If the mission or purpose of the Seventh-day Adventist Church is truly the antitype of that of John the Baptist – to prepare the world for the coming of Jesus – the next logical question that arises is, how is that done? Again we must go back to the life of John the Baptist for the answer. When you study his life and ministry two things become unmistakably clear: He lived what he taught and he taught what he lived. There was no dichotomy between his words and his everyday life. In the case of John the Baptist, the medium was the message.
When I look around at the Seventh-day Adventist Church in North America I wonder if we truly understand the relationship between how we live and the message we proclaim to the world? It seems that some are convinced that the message is all that matters, that proclamation alone will prepare the world for the coming of Jesus. So we spend millions of dollars a year on evangelistic outreach events in local churches, we mass-produce evangelistic literature to be passed out in our neighborhoods. We produce television programs that are streamed all over the Internet and around the world on satellite stations.
However, when we adopt the mindset that “the message is the message” and someone rejects the message, we assume that they are rejecting the God behind the message, when in fact they may just be rejecting the medium. In other words, us! Thus we cast the blame of stagnant growth of the church in North America to the culture around us rather than looking in mirror and accepting the fact that the problem may have much more to do with us then the message we are trying to share. Are we living like we truly believe Jesus is coming soon?
If the answer is “no,” does that mean that we should stop proclaiming the message until we can really start living it? When you really think about it, the answer to that question is not so clear. On the one hand the church has been given a mission to take the message of Christ’s soon coming to the entire world, and so it should seem obvious that the church, despite its hypocrisy, should continue to “fake it until we make it”. However, on the other hand we find this sobering quote from the Spirit of Prophecy:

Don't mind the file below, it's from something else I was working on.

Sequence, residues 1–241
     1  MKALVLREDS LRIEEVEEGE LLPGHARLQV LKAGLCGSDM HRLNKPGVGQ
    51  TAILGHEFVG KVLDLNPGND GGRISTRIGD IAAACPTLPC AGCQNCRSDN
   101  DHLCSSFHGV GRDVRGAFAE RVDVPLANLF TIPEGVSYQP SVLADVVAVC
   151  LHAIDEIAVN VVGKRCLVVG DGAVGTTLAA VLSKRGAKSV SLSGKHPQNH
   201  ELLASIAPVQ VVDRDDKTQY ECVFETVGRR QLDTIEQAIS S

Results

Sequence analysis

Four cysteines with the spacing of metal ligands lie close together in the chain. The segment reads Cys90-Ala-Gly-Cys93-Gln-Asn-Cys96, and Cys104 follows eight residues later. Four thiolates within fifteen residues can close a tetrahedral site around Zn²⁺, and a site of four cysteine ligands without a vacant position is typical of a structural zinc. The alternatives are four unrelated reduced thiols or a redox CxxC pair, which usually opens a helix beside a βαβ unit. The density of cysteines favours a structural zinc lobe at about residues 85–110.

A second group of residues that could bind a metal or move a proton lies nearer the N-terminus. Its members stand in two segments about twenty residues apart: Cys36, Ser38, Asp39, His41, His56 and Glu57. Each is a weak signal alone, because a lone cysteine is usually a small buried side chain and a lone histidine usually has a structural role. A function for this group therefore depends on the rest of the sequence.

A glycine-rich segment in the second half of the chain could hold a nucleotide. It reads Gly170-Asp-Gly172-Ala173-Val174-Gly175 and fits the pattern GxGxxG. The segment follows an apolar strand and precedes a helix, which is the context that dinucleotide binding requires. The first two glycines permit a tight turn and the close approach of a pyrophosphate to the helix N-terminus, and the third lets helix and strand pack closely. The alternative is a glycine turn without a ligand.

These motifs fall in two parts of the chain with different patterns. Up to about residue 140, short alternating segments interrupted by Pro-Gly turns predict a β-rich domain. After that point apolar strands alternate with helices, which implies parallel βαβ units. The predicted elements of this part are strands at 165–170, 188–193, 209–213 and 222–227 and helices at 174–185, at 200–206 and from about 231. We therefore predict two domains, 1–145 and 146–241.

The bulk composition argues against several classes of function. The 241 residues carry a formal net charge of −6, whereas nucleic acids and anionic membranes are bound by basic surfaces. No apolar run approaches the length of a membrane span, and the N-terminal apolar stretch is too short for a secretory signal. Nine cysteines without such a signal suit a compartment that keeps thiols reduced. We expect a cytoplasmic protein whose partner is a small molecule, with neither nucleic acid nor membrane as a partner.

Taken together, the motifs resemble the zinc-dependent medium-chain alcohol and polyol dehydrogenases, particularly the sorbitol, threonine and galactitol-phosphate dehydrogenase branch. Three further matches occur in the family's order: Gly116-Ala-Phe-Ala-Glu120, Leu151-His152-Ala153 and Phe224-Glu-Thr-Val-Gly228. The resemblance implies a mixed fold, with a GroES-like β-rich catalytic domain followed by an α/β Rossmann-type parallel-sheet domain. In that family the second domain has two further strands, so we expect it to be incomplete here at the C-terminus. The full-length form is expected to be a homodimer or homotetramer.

When the theory of the truth is repeated without its sacred influence being felt upon the soul of the speaker, it has no force upon the hearers, but is rejected as error, the speaker making himself responsible for the loss of souls.—Testimonies for the Church 4:441.
In other words, the medium is actually more important to the success of the truth being accepted than the truth itself! In fact, a medium that is not living the truth – although speaking the truth – is a lie, which would explain why the individual rejects the truth as error. Cognitive dissidence between what he sees (the medium) and what he hears (the message) creates a justifiable excuse to reject it.
This gets to the heart of why so many younger generation Adventists have such a hard time with the churches remnant theology. When one is brought into membership into the church, the 13th vow on the back of the baptismal certificate states the following:
Do you believe that the Seventh-day Adventist Church is the remnant church of Bible prophecy…?
In order to be baptized one must answer “yes” to that question with conviction. But what exactly makes the Seventh-day Adventist Church the remnant church of Bible prophecy? It is interesting that the 13th vow references Revelation 12:17, which reads:
“And the dragon was wroth with the woman, and went to make war with the remnant of her seed, which keep the commandments of God, and have the testimony of Jesus Christ.” (Revelation 12:17 KJV)
Yet the description of the remnant in the text mentions nothing of proclaiming a message per se. The “Remnant” are not defined by what they say but by rather who they are. The identity of the remnant is rooted in character – keeping God’s commandments and having the testimony of Jesus Christ.
Thus though the church today may proclaim a remnant message – can we honestly say we are the remnant in its truest sense? I’m not sure we can fully say that until at least the majority of us, like John the Baptist, who was a type of whom we are to be the antitype, are living what we teach and teaching what we live.
In short we need to become the remnant we claim to be. Future posts will be wrestling with a relational theology that helps get us there.